Indianapolis Lawyer Takes to Making Bogus Coins
Counterfeiter Arrested and Confesses He Did it Because of Poverty.
William B. Schwartz Was Unable to Support HIs Family From His Practice and Started Counterfeiting – – – Carried on the Work for Several Years.
INDIANAPOLIS, Ind., Mary 21 – Unable to support two grown daughters and an insane wife by his profession as a lawyer, William B. Schwartz, a member of the Indianapolis bar, admitted to secret service officials this afternoon that he had been forced to make counterfeit half dollars to add to his income.
Schwartz was arrested in his office by Captain Thomas E. Hails, chief of the secret service department, and Merrill E. Wilson, chief deputy United States marshal. Some of the most perfect imitations of half dollars ever found in Indianapolis were discovered in Schwartz’s office, where he finished his output after making the preliminary molds at his home, 419 Grace street.
There was little difficulty in getting Schwartz to admit his guilt. He has been under surveillance almost a year and it is believed he has been making coin nearly two years. Brass molds were used in manufacturing the rough coins, which were composed generally of babbitt metal. These molds or dies were used in Schwartz’s home and after the rough coins were prepared they were taken to his office and finished in an electric battery. One half dollar being “finished” was found in the battery after Schwartz’s arrest by Detective Manning, acting captain of the city detective department, who had been the first to suspect Schwartz.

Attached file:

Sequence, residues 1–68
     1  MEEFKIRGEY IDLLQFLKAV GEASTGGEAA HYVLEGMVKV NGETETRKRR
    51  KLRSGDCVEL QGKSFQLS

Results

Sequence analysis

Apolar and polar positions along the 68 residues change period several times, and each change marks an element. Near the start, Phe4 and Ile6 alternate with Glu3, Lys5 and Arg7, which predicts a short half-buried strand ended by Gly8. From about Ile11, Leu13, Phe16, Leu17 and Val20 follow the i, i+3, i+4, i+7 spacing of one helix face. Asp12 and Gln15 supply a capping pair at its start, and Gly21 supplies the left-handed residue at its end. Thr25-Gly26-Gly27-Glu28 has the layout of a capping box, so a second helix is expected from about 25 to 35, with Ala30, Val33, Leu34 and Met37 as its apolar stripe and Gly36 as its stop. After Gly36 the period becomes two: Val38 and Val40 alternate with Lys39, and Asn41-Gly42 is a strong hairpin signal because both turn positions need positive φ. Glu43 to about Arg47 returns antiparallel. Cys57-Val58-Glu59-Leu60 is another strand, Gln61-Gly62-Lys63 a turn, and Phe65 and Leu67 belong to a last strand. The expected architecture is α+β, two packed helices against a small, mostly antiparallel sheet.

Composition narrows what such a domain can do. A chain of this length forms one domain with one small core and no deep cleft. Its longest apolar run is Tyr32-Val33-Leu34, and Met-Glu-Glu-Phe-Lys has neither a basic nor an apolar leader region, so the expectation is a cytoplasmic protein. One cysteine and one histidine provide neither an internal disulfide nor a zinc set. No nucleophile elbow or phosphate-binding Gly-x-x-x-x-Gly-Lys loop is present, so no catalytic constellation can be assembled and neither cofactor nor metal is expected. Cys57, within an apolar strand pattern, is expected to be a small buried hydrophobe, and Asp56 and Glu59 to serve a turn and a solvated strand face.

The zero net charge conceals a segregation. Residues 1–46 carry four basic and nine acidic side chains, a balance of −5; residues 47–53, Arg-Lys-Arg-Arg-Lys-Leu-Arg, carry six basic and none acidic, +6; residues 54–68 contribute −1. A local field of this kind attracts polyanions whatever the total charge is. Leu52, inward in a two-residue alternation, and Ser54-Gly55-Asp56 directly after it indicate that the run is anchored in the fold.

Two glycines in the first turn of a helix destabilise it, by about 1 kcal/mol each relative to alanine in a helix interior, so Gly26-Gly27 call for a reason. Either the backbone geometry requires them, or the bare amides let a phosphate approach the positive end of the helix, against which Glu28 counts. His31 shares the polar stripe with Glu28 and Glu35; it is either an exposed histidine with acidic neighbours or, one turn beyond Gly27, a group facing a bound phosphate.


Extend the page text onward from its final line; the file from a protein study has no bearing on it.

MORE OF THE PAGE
Officers who made the arrest do not believe that Schwartz passed any great amount of the “queer” in Indianapolis Ind, that he sold his output to an organized gang.
When arrested Schwartz told a tale of poverty and the struggle for existence he has had for the last few years. He is scarcely forty years old and until a few years ago earned a fair compensation from his practice. His wife’s mind became affected, however, and after spending large sums for medical attention, it was necessary to place her in an asylum.
Left with two daughters to support and his practice rapidly decreasing, Schwartz said he knew not from one day’s end to the other where the next day’s meals were coming from.
“Then it was that I got into this business,” he said in conclusion.
“Driven By Misfortune,” The Fort Wayne Journal (Fort Wayne, Indiana), 22 May 1906, p. 1, col. 1; digital image, Newspaper Archive (http://www.newspaper archive.com : accessed 3 April 2014).